Inside Unmanned Systems

OCT-NOV 2018

Inside Unmanned Systems provides actionable business intelligence to decision-makers and influencers operating within the global UAS community. Features include analysis of key technologies, policy/regulatory developments and new product design.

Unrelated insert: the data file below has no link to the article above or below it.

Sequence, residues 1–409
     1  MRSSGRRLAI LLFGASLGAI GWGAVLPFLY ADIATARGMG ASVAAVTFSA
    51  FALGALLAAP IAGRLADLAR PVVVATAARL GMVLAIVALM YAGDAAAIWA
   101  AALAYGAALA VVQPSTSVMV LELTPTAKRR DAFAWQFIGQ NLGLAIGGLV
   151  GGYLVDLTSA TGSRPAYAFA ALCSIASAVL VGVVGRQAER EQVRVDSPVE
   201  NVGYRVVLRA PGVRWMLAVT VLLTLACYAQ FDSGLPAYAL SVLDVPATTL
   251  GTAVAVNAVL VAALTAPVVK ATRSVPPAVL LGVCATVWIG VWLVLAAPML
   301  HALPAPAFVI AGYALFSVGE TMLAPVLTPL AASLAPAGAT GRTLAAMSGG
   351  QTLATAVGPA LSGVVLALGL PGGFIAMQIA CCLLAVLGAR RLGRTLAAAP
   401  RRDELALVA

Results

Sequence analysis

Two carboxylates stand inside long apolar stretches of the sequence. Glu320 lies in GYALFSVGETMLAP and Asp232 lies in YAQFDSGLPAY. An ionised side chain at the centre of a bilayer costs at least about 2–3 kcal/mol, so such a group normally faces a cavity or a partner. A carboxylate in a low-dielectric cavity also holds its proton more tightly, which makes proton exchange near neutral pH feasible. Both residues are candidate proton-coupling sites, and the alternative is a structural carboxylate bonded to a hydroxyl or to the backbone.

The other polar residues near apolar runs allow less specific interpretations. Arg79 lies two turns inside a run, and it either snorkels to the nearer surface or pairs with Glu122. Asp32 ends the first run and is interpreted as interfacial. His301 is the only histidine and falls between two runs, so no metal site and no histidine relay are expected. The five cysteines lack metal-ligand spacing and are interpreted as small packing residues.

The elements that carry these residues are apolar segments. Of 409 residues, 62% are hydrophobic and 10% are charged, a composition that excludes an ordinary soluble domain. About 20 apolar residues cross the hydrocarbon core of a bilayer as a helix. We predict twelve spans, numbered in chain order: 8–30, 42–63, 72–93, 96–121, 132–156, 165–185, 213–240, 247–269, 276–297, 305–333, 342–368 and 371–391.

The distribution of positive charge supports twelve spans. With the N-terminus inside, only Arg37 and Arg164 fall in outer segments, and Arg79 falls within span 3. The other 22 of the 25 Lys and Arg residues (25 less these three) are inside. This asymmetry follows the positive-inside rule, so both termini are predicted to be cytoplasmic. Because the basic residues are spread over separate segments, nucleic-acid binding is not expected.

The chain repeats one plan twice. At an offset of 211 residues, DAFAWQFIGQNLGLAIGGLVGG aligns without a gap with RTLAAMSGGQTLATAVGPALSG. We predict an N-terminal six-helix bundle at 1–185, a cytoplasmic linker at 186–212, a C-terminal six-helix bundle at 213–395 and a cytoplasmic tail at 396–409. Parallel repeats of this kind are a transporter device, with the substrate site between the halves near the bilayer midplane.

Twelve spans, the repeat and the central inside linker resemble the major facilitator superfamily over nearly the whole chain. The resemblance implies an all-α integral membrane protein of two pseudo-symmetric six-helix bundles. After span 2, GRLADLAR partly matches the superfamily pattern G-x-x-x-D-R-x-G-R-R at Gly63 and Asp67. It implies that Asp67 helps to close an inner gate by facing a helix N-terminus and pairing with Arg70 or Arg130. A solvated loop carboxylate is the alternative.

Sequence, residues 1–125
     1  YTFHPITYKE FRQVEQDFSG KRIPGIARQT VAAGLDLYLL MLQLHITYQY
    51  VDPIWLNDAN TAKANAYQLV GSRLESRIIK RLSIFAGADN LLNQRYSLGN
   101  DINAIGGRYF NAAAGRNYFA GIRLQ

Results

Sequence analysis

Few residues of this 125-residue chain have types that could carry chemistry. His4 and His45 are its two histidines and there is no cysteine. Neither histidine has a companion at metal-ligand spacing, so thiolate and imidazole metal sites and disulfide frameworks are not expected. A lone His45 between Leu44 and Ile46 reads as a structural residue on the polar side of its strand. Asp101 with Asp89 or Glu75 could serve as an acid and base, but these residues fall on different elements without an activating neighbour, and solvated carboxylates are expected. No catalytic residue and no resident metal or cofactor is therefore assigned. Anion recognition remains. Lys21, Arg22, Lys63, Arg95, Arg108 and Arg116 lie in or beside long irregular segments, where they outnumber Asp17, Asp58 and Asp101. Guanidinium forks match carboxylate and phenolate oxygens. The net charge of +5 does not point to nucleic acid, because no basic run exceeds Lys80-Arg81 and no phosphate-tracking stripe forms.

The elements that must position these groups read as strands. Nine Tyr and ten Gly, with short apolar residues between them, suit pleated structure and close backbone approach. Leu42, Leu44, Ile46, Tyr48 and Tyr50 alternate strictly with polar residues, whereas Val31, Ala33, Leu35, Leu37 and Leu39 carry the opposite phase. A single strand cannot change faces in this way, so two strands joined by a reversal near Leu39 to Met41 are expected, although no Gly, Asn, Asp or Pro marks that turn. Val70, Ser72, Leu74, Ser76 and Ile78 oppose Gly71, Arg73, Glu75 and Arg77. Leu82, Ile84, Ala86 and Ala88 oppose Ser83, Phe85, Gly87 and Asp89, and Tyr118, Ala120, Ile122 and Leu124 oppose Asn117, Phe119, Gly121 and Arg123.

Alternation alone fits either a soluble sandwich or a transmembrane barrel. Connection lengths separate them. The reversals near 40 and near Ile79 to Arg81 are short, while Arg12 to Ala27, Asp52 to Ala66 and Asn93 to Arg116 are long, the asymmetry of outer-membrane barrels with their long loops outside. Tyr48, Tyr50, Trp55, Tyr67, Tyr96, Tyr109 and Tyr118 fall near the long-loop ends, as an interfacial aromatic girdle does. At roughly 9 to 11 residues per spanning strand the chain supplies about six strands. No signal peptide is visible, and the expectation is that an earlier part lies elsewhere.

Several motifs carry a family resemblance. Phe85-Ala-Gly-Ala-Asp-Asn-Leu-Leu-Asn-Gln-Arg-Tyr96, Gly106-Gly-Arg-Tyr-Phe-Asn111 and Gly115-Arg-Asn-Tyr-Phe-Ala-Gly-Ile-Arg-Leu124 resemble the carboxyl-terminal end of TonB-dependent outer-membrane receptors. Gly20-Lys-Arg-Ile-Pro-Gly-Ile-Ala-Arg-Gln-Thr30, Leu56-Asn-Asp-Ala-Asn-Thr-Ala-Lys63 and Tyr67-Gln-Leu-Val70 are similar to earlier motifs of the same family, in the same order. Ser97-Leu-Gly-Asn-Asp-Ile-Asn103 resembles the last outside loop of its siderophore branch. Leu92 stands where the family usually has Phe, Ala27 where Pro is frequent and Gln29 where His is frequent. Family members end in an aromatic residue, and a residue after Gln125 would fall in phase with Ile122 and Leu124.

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AIR POWER SOURCES 46  October/November 2018 unmanned systems inside "By combining solar photovoltaics with lighter-than-air lifting, we are creating a pathway for mankind and our robots to achieve aerial perma- nence," said Jonathan Nutzati, founder and CEO of Mothership. Mothership's proof-of-concept un- manned aircraft, the Scout, is a 7-me- ter-long airship filled with roughly 300 cubic feet of helium and powered by 400 watts of solar power cells. Developed within three months of the company's inception, the Scout has a top speed of 20 knots, a cruise speed of 12 knots, and is rated to carry 5 kilograms of payload. Each airship has enough energy to f ly for the sunlit portion of the day plus an extra 90 minutes using its reserve lithium-polymer batteries. They also can be configured to f ly at night by re- placing their solar power modules with battery modules, which currently can give them up to three hours of f light time in the dark, Nutzati said. The company uses monocrystal- line silicon-based photovoltaic cells for solar power. Although thin-film photovoltaic cells that companies such as Lockheed Martin and others use in their solar-powered high-altitude long-endurance aircraf t are eight times lighter than the ones Mothership is using, "their solar cells cost about $40,000 for 400 watts while our so- Photo courtesy of Impossible Aerospace. lution costs about $200, not includ- ing labor, and the amount of watts per square meter is exactly the same," Nutzati said. Unmanned airships not only have great endurance, but Nutzati noted they are extremely safe. "Not only are there no humans onboard to get in- jured in the event of a crash, but also the airship is unable to free-fall, act- ing as a parachute for itself," he said. "Impacts are soft and cushioned and the internal gas is inert. It is the safest aircraft you can possibly crash." Nutzati, an aerospace engineer, founded Mothership in 2016. He became interested in the applications of solar power while working at Tesla Motors, when he converted a motorhome to run on solar in the company parking lot. "The CEO of Impossible Aerospace actually sold me that RV after he had lived in the Tesla parking lot—it's a small world," Nutzati recalled. "I was having eggs Benedict with a friend at a diner af- ter a test flight of his electric motorized hang glider, and I was dreaming about what to do with the surplus of energy I had because of solar panels. I was strug- gling to find places to park my solar- powered RV, and so I dreamed about what would happen if the RV could float above the parking lot—then others could not get me to move it." Firefi ghters are buying US-1 drones to identify hot spots. TERRASOAR AND SENTINEL Originally, the company envisioned offering the Scout for precision survey applications such as pipeline inspec- tions. However, "sadly, we learned in the field that the dynamics of an air- ship did not lend well to precision pho- togrammetry," Nutzati said. Whenever the wind blew on the Scout, it would rotate to align itself with the wind. "If you are trying to take a photo of specific GPS coordi- nates, you do not want your camera to move," Nutzati said. "We had invested a lot of resources into using our airship for this application, only to find that the pictures it took were all over the place and terrible. It was an early mo- ment of heartbreak for the company." The company went back to the drawing board. "We decided we would need a new type of hybrid airship nev- er seen before to tackle this problem," Nutzati said. Mothership named the new airship it designed the TerraSoar, after the prehistoric f lying reptiles known as pterosaurs, the first vertebrates to take to the air. Whereas the Scout places its motors about halfway down its body, the TerraSoar uses a series of trusses to keep its motors suspended near its nose. This shifts the center of mass, the center of thrust and the aerodynamic center of the aircraft in such a way that even if the wind causes its helium-filled envelope to swing around, the motors can stay in the same position. "Imagine a horse pulling a chariot; TerraSoar is like a drone pulling a blimp," Nutzati said. "It is a hybrid air- craft that, like a drone, can position it- self very accurately, but also has a very long f light time supplemented by he- lium lift and solar power. It is like a car

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